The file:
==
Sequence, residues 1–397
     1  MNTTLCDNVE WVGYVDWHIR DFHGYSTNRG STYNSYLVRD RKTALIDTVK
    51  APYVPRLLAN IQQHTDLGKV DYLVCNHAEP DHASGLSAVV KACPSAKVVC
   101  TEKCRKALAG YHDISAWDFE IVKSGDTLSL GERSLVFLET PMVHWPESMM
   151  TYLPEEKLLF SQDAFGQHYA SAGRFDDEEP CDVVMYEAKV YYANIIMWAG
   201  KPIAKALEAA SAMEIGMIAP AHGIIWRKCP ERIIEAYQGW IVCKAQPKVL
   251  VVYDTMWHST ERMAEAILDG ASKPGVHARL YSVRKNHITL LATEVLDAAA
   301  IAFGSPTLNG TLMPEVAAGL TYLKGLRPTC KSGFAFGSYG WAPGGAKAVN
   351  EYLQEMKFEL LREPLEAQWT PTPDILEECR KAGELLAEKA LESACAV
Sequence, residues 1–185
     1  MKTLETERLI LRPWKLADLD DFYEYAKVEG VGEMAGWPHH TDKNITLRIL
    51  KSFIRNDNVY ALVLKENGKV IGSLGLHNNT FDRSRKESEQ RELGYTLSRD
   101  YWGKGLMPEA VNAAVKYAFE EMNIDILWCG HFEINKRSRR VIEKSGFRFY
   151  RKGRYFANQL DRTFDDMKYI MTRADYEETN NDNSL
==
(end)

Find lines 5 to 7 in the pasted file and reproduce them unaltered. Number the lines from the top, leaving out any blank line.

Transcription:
   151  TYLPEEKLLF SQDAFGQHYA SAGRFDDEEP CDVVMYEAKV YYANIIMWAG
   201  KPIAKALEAA SAMEIGMIAP AHGIIWRKCP ERIIEAYQGW IVCKAQPKVL
   251  VVYDTMWHST ERMAEAILDG ASKPGVHARL YSVRKNHITL LATEVLDAAA